Mars-like worlds orbiting red dwarf stars may not be habitable

Atmospheric loss caused by solar radiation would shorten the time such worlds are habitable.
By Laurel Kornfeld | Dec 17, 2017
A new study suggests red dwarf stars, which are long-lived and both cooler and dimmer than our Sun, may not be ideal places to look for habitable worlds.

Using data collected by the Mars Atmosphere and Volatile Evolution Mission (MAVEN), designed to study the Martian atmosphere, a team of researchers determined that Mars-like worlds orbiting red dwarf stars would be habitable for only short periods of time before losing their atmospheres and surface water.

Stellar activity on red dwarfs such as Proxima Centauri could strip the atmospheres of orbiting planets and reduce the time periods during which they are habitable by a factor ranging from five to 20.

The most active stars could shorten the duration in which orbiting planets are habitable by a factor of 1,000 or more.

In orbit around Mars since September 2014, MAVEN has been studying the rate at which Mars' atmosphere is being lost to space.

Solar activity levels have varied over the three years, ranging from quiet to flares, storms, and coronal mass ejections. The latter involve charged particles being ejected from the Sun's surface.

Because Mars has no magnetic field, solar radiation can remove the thin Martian atmosphere's lighter molecules.

MAVEN co-investigator David Brain used information collected by the probe on solar and Martian activity and inputted it into a computer model to create a hypothetical Mars-sized world orbiting a red dwarf star at the edge of the star's habitable zone.

For its temperatures to support surface liquid water, a planet orbiting a red dwarf has to be in a close orbit around the star. At that location, it would receive between five and ten times more stellar radiation than Mars receives from the Sun.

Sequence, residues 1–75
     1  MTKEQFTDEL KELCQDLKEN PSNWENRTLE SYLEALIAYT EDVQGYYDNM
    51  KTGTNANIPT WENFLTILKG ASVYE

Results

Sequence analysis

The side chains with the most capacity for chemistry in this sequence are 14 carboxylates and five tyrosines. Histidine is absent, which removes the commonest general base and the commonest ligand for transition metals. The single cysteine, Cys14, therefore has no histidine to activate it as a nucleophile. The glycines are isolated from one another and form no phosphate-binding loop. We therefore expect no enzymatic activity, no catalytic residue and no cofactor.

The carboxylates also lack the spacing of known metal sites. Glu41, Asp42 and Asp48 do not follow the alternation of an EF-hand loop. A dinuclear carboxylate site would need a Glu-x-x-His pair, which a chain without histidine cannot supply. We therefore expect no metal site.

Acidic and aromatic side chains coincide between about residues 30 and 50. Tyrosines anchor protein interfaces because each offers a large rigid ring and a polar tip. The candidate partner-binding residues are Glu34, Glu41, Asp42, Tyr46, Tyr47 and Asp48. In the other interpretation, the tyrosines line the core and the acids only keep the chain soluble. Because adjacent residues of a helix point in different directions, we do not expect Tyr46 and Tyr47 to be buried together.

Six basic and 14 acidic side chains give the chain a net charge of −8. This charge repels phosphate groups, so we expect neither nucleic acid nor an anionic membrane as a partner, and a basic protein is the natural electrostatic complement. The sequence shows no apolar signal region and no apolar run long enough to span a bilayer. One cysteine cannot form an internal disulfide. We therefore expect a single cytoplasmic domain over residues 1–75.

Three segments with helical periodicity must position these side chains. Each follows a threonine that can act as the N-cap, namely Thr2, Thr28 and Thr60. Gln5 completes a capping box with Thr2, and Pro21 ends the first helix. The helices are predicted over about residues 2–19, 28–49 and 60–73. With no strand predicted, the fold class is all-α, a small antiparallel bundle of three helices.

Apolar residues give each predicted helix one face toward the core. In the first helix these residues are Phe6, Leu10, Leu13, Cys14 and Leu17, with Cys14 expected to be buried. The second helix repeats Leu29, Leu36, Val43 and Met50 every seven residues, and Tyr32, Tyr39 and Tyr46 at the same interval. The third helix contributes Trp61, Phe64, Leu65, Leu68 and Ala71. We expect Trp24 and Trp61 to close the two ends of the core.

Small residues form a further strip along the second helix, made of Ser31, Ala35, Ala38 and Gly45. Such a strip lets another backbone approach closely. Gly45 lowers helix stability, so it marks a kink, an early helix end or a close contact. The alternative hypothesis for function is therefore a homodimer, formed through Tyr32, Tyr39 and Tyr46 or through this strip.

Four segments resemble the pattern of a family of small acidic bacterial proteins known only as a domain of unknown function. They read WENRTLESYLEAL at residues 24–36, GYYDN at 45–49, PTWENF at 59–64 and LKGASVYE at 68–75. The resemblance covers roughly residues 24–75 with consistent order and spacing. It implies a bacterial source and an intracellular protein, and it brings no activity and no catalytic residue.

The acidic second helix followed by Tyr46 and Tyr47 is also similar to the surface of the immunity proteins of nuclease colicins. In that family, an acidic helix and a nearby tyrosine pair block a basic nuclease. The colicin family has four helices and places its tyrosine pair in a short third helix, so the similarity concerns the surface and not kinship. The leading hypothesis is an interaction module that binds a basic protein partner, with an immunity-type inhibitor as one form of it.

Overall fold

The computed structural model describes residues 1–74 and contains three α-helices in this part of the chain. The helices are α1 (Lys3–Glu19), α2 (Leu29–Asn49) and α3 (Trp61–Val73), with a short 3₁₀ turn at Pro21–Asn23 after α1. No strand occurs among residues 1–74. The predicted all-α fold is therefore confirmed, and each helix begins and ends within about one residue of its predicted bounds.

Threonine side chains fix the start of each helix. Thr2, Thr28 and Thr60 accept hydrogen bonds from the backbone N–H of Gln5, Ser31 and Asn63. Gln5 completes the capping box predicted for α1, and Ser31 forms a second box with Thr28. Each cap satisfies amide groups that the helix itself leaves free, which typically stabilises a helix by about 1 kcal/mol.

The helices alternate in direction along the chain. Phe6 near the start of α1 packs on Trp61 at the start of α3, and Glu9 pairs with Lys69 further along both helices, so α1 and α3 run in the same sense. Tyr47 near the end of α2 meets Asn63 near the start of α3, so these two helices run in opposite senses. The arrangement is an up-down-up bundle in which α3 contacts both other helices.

Higher levels of stellar radiation would significantly accelerate atmospheric escape. Energized charged particles would disturb atmospheric molecules, ejecting them into space.

Once the atmosphere becomes very thin, it can no longer support liquid water, causing the planet to dry up, much like scientists think happened on the real Mars several billion years ago.

Several factors could work against atmospheric loss on a Mars-like world orbiting a red dwarf, such as active geology that can replenish the atmosphere or the presence of a magnetic field.

Bigger planets have stronger gravity, which can help them keep their atmospheres.

The James Webb Space Telescope (JWST), scheduled to launch in 2019, will be capable of observing the atmospheres of large planets.

"Habitability is one of the biggest topics in astronomy, and these estimates demonstrate one way to leverage what we know about Mars and the Sun to help determine the factors that control whether planets in other systems might be suitable for life," noted MAVEN principal investigator Bruce Jakosky.

Findings of the study were presented on Wednesday, December 13 at a New Orleans meeting of the American Geophysical Union (AGU).

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